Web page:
Title

A Psychophysiological Investigation of the Continuous flow model of human information processing

Document Type

Article

Publication Date

1985

Keywords

Cognitive Processes, Evoked Potentials, Physiological Correlates, Reaction Time

Digital Object Identifier (DOI)

https://doi.org/10.1037/0096-1523.11.5.529

Abstract

12 male college students responded to target letters H or S by squeezing dynamometers with the left and right hand. Targets could be surrounded by compatible (e.g., HHHHH) or incompatible noise (SSHSS) letters. Measures of the P300 component of the event-related brain potential and of correct and incorrect electromyographic (EMG) and squeeze activity were used to study stimulus evaluation and response-related processes. When incorrect squeeze activity was present, execution of the correct response was prolonged, indicating a process of response competition. This process occurred more often under incompatible noise conditions, which were also associated with a delayed P300. Thus, the noise/compatability manipulation influenced both stimulus evaluation and response competition processes. In contrast, a warning tone that preceded array presentation on half the trials increased response speed without influencing evaluation time. Data suggest that the latency and accuracy of overt behavioral responses are a function of (a) a response activation process controlled by an evaluation process that accumulates evidence gradually, (b) a response priming process that is independent of stimulus evaluation, and (c) a response competition process.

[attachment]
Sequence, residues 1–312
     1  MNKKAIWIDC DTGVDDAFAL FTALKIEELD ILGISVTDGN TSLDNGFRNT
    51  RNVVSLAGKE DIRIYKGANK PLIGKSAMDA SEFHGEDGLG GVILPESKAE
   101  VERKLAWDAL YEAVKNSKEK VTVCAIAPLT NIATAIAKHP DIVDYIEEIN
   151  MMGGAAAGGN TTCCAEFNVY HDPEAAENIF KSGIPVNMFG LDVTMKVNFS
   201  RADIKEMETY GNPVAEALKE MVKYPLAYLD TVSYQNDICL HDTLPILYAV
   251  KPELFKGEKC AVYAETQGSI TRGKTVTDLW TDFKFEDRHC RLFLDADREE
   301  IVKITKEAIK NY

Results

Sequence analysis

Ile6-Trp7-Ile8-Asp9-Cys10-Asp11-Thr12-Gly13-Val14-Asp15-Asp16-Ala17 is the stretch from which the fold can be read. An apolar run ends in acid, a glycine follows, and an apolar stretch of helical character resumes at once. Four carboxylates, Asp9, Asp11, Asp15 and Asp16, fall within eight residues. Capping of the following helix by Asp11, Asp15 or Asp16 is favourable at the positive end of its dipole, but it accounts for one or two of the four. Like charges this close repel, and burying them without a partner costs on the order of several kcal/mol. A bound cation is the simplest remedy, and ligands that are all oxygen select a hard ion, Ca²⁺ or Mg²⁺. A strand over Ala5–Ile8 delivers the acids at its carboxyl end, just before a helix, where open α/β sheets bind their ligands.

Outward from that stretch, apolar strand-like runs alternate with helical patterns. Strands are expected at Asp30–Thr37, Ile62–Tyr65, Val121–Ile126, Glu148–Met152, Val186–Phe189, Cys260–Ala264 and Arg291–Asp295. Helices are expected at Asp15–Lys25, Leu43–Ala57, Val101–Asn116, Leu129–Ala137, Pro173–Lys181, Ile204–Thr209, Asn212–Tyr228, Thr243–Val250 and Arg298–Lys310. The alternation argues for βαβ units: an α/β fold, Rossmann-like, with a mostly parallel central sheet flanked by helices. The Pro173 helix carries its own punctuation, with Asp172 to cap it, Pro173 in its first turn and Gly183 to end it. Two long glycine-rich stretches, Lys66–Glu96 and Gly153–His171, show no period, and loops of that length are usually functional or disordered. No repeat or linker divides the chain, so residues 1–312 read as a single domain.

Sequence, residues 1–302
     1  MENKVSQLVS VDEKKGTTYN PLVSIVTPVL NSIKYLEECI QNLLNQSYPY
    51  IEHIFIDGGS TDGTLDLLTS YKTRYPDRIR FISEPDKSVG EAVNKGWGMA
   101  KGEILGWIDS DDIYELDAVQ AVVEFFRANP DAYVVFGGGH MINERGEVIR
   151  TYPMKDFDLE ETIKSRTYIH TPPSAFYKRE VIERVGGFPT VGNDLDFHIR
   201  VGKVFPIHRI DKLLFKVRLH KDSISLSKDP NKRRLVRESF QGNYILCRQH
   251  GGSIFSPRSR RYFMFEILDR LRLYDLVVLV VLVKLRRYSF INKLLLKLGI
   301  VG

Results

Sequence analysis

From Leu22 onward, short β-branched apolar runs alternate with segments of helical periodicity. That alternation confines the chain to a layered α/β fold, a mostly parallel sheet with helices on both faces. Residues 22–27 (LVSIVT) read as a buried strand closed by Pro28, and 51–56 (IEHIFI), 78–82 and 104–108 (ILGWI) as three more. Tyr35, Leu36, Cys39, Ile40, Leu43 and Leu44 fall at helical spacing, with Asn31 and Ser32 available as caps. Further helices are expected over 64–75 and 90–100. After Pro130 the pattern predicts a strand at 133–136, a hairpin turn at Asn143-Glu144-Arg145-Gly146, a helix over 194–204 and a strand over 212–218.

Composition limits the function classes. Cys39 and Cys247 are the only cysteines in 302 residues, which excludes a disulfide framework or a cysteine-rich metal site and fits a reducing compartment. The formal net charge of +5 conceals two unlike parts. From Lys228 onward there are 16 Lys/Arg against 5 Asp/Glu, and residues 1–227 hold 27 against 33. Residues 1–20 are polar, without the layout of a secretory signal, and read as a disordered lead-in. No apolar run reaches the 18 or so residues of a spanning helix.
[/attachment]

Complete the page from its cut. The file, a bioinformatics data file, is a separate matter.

Was this content written or created while at USF?

No

Citation / Publisher Attribution

Journal of Experimental Psychology: Human Perception and Performance, v. 11, issue 5, p. 529-553.

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